In 1978, when Václav Havel wrote “The Power of the Powerless,” the Communist regime in Czechoslovakia was closely monitoring the activity of this “infamous” writer. One of his scripts, “Audience” (1975), was circulating in samizdat, and the manifesto of Charter 77, an informal civic initiative, was considered illegal.
“The Power of the Powerless,” meant to be integrated in a Polish-Czechoslovak volume of essays about freedom and power, had an important impact on the demoralized opponents of the regimes in the region. It circulated in samizdat and fueled a growing feeling that the dissident activities mattered, that the apparatus was afraid. “This essay reached us (…) at a point when we felt we were at the end of the road. (…) Not seeing any immediate and tangible results, we began to doubt the purposefulness of what we were doing. Shouldn’t we be coming up with other methods, other ways? (…) Then came the essay by Havel. Reading it gave us the theoretical underpinnings for our activity. It maintained our spirits,” remembers Zbygniew Bujak, a Solidarity activist in Poland.
A few months after he wrote this essay, Havel was arrested. Eleven years later, he became the President of Czechoslovakia (and later to the Czech Republic, one of its successors).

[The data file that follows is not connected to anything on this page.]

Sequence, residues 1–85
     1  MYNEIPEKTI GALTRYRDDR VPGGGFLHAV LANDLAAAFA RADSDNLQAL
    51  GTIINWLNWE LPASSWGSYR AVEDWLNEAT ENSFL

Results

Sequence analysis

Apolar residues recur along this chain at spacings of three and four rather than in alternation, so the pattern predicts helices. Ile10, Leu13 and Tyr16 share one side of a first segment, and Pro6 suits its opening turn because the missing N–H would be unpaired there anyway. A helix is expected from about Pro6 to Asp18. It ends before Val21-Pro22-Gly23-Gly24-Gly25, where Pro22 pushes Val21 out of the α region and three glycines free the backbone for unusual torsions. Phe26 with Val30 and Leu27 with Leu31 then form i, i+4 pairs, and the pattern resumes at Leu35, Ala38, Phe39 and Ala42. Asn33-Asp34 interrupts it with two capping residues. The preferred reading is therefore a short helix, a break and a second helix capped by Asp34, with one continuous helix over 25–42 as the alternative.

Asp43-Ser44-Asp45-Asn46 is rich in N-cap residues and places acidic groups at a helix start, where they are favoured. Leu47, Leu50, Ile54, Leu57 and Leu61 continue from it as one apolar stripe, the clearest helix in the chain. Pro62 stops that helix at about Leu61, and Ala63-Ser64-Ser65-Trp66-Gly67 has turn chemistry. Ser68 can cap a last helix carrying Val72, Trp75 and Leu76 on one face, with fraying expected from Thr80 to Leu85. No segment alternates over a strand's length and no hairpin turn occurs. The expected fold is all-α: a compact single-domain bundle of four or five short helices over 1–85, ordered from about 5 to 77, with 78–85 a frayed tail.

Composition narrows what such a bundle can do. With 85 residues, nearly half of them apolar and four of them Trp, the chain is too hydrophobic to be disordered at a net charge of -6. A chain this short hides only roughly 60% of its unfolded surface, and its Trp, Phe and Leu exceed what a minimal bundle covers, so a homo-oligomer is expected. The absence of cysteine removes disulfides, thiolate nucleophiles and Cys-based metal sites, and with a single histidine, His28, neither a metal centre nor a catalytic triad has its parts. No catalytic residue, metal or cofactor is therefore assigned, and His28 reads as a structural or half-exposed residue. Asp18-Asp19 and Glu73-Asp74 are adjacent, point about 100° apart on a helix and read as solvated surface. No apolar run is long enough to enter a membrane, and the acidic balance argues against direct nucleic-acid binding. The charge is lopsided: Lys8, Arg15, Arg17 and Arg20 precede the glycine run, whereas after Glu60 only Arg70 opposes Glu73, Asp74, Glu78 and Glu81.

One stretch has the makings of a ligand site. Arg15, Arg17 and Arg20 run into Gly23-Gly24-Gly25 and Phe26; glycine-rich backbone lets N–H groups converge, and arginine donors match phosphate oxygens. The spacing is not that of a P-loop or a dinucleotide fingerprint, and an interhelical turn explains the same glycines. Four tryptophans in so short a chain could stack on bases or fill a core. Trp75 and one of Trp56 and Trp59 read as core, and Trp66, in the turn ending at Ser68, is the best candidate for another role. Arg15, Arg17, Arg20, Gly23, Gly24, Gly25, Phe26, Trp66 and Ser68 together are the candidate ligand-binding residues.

Havel deals with the following questions:
- What is the nature of Communist regimes in Eastern Europe?
- What kind of opposition do dissidents represent?
- Can they really change things?
In order to do that, first he explains the nature of the Communist regimes, which he describes as “post-totalitarian” systems. Such regimes survive through well-developed mechanisms of manipulation and guide themselves after an extremely flexible ideology, Havel argues. If individuals exercising their authority were crucial in “classic dictatorships,” the post-totalitarian regime has no problem to reproduce itself. Its ideology is dominant, as it has the power to dehumanize and anonymize.
“There are times when we must sink to the bottom of our misery to understand truth, just as we must descend to the bottom of a well to see the stars in broad daylight.” (Václav Havel, 1978)